When it comes to getting creative, particularly with writing, we all know the key is to just get started. You’re not going to come up with anything by going about your normal day to day routines and hoping it is somehow getting done, you actually have to put the effort in and begin.
There’s an old video doing the rounds on Twitter at the moment, a talk by John Cleese on how to get the creative juices flowing, and it’s really well worth a watch. If you want to skip to the abridged version, I have made some notes below the video with what I took away from it.
Creativity is not a talent. It’s a way of operating.
It is unrelated to IQ. It’s not that you can either do it or you can’t, but those that are good at being creative are good at getting themselves in a particular mood.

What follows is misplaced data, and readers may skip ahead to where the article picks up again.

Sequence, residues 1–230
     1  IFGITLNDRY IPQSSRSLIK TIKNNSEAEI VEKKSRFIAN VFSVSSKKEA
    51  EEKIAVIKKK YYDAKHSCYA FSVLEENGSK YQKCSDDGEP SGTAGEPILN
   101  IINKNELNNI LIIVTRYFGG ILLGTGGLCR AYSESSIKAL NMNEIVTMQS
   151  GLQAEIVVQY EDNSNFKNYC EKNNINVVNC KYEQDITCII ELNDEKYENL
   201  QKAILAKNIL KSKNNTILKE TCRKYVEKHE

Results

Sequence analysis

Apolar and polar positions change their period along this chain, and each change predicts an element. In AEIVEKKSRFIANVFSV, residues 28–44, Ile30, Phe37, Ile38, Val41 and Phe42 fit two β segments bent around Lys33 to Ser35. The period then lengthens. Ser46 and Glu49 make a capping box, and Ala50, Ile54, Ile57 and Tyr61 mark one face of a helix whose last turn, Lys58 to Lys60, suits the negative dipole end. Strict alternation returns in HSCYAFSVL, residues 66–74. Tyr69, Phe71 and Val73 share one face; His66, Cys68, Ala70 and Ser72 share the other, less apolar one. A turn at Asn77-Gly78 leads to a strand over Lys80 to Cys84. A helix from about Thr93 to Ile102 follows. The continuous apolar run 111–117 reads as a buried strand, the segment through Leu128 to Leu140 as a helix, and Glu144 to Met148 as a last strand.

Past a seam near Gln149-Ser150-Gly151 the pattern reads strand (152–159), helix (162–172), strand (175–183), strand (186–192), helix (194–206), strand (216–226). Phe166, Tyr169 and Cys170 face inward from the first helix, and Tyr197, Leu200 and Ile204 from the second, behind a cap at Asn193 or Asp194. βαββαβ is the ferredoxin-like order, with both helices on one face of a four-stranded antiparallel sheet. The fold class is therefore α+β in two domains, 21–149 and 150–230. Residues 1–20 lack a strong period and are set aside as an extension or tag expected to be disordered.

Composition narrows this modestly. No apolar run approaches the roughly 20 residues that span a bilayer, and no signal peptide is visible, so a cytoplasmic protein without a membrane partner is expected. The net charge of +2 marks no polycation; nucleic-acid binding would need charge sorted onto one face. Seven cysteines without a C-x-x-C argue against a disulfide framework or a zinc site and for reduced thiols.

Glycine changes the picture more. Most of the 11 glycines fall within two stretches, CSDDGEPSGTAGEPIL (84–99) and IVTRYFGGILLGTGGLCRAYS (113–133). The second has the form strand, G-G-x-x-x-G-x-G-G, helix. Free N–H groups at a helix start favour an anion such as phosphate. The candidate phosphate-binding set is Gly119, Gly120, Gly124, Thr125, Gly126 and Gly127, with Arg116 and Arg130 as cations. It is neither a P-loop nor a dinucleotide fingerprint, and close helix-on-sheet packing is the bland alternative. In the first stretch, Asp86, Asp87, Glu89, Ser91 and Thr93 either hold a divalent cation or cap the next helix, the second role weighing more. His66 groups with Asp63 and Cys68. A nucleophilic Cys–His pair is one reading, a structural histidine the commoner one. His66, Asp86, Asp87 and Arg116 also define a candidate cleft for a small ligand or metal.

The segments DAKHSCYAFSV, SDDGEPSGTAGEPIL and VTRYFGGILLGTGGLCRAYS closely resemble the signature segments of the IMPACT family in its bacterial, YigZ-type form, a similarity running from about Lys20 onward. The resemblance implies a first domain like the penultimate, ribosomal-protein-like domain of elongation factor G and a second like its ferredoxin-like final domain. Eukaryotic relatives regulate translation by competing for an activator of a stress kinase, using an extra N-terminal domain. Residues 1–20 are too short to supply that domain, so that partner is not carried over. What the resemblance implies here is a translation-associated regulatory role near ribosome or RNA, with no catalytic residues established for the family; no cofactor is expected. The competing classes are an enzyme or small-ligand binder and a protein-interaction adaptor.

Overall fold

General, everyday moods are closed – hectic, anxious, tense, with a list of jobs to do and a slight feeling of relief when each is ticked off.
To be creative, you have to generate an open mood, and for that you need five things: 1) space 2) time 3) time 4) confidence and 5) humour.
In brief, they relate to:
- Space. Get away from the closed mind situations physically, and find a space where you will be undisturbed.
- Time. Allow for a specific and definite period of undisturbed time. 30 minutes is too short, as you need time to relax the mind and let it open, 90 minutes might be ideal. Tolerate/ignore the racing mind (sharpen pencils, take out bins, make more tea, etc) until it quietens.
- Time. Know what time you have for the project. If there are decisions to be made, know when and don’t rush. Don’t accept the easy answer if you have time to keep thinking through for better solutions.
- Confidence. Risk saying/writing things. While you are being creative NOTHING is wrong. It can be useful to surround yourself with other people, but not if they make you feel defensive. And likewise, don’t disparage others.
- Humour. Allowing humour into the situation, even if the topic is serious, can allow the mind to get to the open mode quicker.
Creativity starts with connecting two separate ideas to create new meaning.